If you have tried to drive within or towards Beirut and ended up spending double or triple the amount of time it should take, this text is for you. The excuses are endless and include “well it’s raining”, “there is an accident”, and “a car stopped”. But the reality is that the massive generated traffic is enough evidence to question the whole transport system, and to propose an alternative which recognises the problems brought by the mass use of privately-owned cars.
Unfortunately, Lebanon’s transport culture has become exclusively American: favouring automobile transportation and disregarding the establishment of a public transport system. This result is an unsustainable economic, social, and environmental situation in addition to health problems, accidents and excessive construction and maintenance on land resources which are rare and limited. Most importantly, labour and productivity are diminished due to traffic jams and higher costs of living.
If we don’t stop and think, Lebanon’s future is grim.
Expanding the road network might seem like a solution, but studies have shown that building more highways might result in even more congestion. So campaigning for bigger roads might not be the best solution. A more sustainable alternative is light rail. Several Mediterranean cities: Casablanca, Rabat, and most notably, Cairo, have proposed or established rail transport. The advantages of these systems surpass other forms of mass ground transport in dependability, speed, comfort and safety. They reduce land consumption and congestion, as well as air and noise pollution. Electric train systems also reduce the dependence on oil. But, with the continuous power outages we have in Lebanon, I can already see your smirks.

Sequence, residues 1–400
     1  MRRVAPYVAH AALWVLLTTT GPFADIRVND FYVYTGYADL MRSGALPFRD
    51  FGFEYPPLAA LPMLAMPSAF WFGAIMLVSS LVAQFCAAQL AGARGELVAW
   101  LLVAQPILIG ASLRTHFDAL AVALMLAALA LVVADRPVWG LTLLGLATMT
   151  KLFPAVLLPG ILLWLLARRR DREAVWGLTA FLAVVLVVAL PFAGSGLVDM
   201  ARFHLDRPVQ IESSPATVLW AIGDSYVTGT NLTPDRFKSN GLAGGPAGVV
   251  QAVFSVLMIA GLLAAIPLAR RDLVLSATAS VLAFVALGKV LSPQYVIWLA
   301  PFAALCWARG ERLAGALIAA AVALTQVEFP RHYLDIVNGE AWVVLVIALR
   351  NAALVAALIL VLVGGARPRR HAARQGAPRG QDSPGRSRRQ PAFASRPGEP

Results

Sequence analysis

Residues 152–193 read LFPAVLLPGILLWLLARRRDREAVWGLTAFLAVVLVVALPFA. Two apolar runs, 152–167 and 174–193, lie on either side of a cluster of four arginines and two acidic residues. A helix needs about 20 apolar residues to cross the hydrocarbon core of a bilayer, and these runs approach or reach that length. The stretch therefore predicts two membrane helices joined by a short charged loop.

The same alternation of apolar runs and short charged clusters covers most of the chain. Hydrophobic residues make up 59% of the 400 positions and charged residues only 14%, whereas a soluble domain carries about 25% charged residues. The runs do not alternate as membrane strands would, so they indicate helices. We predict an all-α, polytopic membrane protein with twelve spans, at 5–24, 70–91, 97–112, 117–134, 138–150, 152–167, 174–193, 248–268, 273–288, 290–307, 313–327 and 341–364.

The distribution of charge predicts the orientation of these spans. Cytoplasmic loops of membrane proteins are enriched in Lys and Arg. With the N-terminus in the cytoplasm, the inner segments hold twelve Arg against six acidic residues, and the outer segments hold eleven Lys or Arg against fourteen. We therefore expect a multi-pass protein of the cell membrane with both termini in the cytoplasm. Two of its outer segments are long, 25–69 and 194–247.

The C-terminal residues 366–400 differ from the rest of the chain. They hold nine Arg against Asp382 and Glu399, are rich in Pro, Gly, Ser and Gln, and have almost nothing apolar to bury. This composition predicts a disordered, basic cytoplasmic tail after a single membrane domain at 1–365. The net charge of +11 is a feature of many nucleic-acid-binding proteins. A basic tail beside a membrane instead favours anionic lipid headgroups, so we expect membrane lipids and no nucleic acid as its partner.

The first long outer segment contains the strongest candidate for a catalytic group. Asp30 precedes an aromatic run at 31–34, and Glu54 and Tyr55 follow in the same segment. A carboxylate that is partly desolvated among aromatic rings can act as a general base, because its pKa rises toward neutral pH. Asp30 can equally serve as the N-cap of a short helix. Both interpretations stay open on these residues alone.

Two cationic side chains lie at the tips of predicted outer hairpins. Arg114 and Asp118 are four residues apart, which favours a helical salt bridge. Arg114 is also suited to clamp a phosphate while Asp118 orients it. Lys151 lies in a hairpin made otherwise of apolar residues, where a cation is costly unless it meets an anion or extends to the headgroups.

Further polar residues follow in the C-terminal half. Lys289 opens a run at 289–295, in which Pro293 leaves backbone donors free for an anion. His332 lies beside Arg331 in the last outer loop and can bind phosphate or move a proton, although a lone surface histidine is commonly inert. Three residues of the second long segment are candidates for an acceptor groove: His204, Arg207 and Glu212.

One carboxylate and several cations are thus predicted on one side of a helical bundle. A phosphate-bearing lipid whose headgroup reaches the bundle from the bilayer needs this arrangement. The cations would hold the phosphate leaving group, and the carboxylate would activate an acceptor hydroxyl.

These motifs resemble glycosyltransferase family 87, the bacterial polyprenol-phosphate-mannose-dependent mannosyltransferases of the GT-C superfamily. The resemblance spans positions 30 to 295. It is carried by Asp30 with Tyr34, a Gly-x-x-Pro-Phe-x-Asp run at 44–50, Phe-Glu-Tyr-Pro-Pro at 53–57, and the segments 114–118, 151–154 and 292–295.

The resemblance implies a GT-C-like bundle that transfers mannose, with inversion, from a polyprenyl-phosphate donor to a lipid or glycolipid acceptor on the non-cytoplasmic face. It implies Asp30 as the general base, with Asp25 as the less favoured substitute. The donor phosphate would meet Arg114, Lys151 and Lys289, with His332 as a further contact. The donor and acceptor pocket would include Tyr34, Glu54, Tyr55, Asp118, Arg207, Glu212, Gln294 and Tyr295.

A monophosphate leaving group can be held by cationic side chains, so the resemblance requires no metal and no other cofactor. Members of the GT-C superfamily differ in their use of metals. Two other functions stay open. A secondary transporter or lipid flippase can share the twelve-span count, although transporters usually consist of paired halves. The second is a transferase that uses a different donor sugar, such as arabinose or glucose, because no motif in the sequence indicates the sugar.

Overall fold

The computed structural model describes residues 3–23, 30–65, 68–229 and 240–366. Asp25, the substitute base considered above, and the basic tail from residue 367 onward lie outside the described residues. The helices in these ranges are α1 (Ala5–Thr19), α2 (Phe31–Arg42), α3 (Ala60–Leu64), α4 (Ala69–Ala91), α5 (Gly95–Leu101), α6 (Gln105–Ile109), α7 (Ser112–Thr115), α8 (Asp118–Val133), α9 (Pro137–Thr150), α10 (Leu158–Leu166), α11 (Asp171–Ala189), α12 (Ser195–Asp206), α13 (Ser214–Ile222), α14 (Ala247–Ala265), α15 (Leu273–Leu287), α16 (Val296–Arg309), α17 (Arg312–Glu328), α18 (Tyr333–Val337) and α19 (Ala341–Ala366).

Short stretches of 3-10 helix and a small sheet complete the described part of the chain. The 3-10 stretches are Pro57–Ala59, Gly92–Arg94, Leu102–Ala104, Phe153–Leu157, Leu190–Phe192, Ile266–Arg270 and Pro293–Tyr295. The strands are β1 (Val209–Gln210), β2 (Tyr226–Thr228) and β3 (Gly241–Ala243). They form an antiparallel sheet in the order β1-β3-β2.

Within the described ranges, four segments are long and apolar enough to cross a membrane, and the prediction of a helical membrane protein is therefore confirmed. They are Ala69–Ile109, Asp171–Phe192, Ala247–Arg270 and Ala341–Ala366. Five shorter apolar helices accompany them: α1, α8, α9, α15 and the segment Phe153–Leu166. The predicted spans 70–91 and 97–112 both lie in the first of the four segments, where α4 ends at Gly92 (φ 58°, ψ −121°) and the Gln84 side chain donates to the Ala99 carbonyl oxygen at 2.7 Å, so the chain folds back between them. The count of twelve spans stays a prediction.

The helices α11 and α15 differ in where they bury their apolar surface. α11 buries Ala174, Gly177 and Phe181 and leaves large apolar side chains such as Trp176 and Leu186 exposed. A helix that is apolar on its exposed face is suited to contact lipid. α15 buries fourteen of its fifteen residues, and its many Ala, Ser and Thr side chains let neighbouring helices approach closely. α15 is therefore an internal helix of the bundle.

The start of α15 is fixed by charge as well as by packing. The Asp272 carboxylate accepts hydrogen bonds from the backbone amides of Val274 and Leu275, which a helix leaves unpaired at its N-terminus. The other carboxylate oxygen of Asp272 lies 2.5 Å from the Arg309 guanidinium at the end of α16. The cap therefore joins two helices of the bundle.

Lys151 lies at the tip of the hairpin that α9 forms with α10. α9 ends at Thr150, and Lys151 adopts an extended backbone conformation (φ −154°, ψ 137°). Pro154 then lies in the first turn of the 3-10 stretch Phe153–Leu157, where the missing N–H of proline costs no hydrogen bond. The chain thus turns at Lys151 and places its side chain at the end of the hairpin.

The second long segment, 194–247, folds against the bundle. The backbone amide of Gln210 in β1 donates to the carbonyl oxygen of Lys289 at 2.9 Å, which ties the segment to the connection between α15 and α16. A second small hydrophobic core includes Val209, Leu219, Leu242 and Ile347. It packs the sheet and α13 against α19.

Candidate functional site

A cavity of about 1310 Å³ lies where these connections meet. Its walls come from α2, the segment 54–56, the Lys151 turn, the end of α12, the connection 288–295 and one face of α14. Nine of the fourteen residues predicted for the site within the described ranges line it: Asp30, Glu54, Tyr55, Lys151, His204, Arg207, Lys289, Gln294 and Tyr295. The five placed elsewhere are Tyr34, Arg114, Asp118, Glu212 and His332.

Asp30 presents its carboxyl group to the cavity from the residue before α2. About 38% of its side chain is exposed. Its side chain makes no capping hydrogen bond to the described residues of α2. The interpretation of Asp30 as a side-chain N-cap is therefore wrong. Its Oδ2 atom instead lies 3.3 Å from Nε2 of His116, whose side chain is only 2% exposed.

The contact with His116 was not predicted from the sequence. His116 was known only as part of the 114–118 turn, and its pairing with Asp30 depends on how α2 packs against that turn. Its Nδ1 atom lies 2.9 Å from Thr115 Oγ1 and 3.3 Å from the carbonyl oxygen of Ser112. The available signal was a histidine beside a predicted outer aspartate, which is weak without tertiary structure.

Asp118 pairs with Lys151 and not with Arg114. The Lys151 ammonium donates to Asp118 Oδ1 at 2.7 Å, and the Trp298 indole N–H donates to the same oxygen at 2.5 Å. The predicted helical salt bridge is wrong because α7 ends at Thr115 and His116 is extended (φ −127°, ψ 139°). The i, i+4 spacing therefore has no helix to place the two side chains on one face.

Due to the limited opportunities for government funding, this text will not propose a light railway system as the solution to our problems. Instead, it puts forth a simpler proposal in the hope that one day, I will reach my destination in Beirut during this lifetime and without driving like a maniac, cursing my way through and paying a ridiculous amount of money for gas and parking fees.
If we do not stop and think, Lebanon’s future is grim. A study estimated that in 1970, motorised person trips in Beirut were split as follows: 52 % travelled by private car, 9 % by bus, and 39 % by shared (‘service’) and unshared taxis. During the war, there were no other forms of public transportation than shared and private taxis, both of which are automobiles for four passengers. In 1994, buses, vans and similar vehicles – both public and private – transported maximum 1.3 % of all people making trips in the Beirut metropolitan area. In 24 years, a drop from 39% to 1.3%. And, from 1974 to 1998, cars have increased by 538%.
It is deceiving to look at Beirut’s map with its streets empty. Therefore, this map depicts the reality of the mass versus the void of the city.